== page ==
The Company has taken the time to locate a facility that has the actual H5N1 Bird Flu virus that has killed millions of birds in Asia and the actual strain that has led to human deaths. The significance of eFoodSafety’s groundwork testing to date will allow the Company to report results taken against the exact H5N1 virus, the viral strain that has killed millions of birds and some humans over the past several years.

The Company is also closely monitoring the H5N1 virus because indications are that a mutated strain of Bird Flu virus, a “Fujian-like strain,” has emerged in response to vaccination programs designed to halt the disease in farm flocks. Indications are that this strain has emerged abroad, but not domestically yet.

Patricia Gruden, President and CEO of eFoodSafety.com, Inc., stated, “Experts continue to renew their warnings of a Bird Flu pandemic and the World Health Organization continues to express its fear that a Bird Flu pandemic could kill millions in a worst case scenario. For that reason, testing with Citroxin is significant and unique in that we are at the forefront of testing on the exact and specific H5N1 strain of the Bird Flu virus that has been found to be the cause of human deaths.”

Mrs. Gruden further observed, “Having established clearly defined testing protocol guidelines on testing of the actual H5N1 Bird Flu virus enables eFoodSafety to be at the forefront of testing, with the next level of testing on live subjects already in place. The Company’s Citroxin formulation represents one of the products we are developing as we continue to work toward our ultimate goal of becoming a provider of global healthcare technologies.”
About eFoodSafety.com, Inc.

eFoodSafety.com, Inc. is dedicated to improving health conditions around the world through its innovative technologies. The company’s Knock-Out Technologies, Ltd. subsidiary has developed an environmentally safe sporicidal product formulated entirely of food-grade components that eradicates anthrax and a germicidal product, Citroxin (formerly named Big Six Plus) – EPA Reg. No. 82723-1 that kills six major bacteria: E-coli, Listeria, Pseudomonas, Salmonella, Staphylococcus, and Streptococcus, Avian Influenza, Black Mold. The sporicidal product has completed its final efficacy laboratory study requisite for EPA registration. In the study, it eradicated both Clostridium Sporogenes and Bacillus Subtilis with 100% efficacy on both hard and porous surfaces. The company’s MedElite, Inc. subsidiary distributes clinically proven products to physicians who then prescribe the products for their patients. It recently became the owner of the Talsyn™-CI/bid Scar Cream, that has been clinically proven to facilitate and improve the appearance, redness and strength of scars (http://www.talsyn.com/), as well as seven (7) other products in the Talsyn™ line. The company is also is a distributor for Cinnergen™, a non-prescription liquid whole food nutritional supplement that promotes healthy glucose metabolism (http://www.cinnergen.com/), and Trimmendous™, a weight loss formula focusing on the body’s 24-hour metabolic processes. The company has recently entered into a joint venture agreement with CK41 Direct, Inc. to launch an anti-acne skin care system, with a branded name and celebrity spokesperson to be announced in the near future.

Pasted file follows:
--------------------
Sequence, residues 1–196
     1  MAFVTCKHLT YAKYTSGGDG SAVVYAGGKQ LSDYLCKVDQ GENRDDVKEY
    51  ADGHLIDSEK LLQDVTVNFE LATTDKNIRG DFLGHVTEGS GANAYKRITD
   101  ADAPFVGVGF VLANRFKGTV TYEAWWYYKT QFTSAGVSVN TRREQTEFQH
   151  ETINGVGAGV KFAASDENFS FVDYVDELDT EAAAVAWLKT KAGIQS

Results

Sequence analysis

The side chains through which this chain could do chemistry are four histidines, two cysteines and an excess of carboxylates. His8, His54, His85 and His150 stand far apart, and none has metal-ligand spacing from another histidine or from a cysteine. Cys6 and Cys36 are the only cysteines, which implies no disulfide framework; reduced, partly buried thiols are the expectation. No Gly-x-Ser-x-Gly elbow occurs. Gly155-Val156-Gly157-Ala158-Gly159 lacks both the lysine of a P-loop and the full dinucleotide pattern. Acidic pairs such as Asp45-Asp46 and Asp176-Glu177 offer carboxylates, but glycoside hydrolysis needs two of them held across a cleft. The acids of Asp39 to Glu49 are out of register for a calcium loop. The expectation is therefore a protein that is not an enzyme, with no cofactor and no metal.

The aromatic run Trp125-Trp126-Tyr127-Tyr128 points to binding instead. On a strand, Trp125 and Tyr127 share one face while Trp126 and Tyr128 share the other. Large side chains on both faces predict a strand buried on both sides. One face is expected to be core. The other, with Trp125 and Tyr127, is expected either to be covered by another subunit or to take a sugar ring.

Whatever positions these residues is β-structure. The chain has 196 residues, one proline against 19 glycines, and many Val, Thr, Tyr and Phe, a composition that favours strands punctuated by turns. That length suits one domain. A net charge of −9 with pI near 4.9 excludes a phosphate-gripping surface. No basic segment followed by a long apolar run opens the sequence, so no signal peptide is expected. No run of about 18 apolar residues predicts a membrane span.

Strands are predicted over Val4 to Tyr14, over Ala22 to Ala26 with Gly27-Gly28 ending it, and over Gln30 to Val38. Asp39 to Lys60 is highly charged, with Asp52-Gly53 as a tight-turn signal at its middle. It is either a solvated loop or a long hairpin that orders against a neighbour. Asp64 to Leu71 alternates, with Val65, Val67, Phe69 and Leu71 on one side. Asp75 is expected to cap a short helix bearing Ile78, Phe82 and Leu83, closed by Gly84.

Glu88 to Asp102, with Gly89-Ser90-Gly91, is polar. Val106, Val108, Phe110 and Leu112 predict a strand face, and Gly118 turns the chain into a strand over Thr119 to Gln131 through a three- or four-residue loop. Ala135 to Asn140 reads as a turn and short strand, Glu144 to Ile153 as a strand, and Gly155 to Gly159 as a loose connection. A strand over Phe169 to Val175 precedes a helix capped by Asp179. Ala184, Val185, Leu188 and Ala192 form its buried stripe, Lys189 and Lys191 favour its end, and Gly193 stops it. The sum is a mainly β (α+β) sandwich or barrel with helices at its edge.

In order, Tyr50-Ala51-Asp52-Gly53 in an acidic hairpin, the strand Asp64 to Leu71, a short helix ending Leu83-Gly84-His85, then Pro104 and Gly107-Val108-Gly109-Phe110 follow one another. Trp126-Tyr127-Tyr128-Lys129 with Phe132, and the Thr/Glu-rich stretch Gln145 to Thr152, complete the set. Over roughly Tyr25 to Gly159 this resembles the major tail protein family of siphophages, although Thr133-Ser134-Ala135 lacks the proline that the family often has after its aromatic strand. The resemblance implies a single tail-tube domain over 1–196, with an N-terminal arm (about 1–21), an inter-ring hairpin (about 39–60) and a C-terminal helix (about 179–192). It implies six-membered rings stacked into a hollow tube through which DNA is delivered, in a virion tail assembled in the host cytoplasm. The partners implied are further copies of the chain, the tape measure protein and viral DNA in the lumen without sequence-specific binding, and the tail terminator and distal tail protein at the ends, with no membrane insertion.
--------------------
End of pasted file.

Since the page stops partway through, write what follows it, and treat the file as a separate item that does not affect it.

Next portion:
Please visit the Company’s website at: http://www.efoodsafety.com.

Safe Harbor Forward-Looking Statements

Statements contained in this release that are not strictly historical are “forward-looking” statements within the meaning of Section 27A of the Securities Act of 1933 as amended, and Section 21E of the Securities Exchange Act of 1934, as amended. The forward-looking statements are made based on information available as of the date hereof, and the company assumes no obligation to update such forward-looking statements. Editors and investors are cautioned that such forward-looking statements involve risks and uncertainties and the company’s actual results may differ from these forward-looking statements. Such risks and uncertainties include but are not limited to demand for the company’s products and services, our ability to continue to develop markets, general economic conditions, our ability to secure additional financing for the company and other factors that may be more fully described in reports to shareholders and periodic filings with the Securities and Exchange Commission.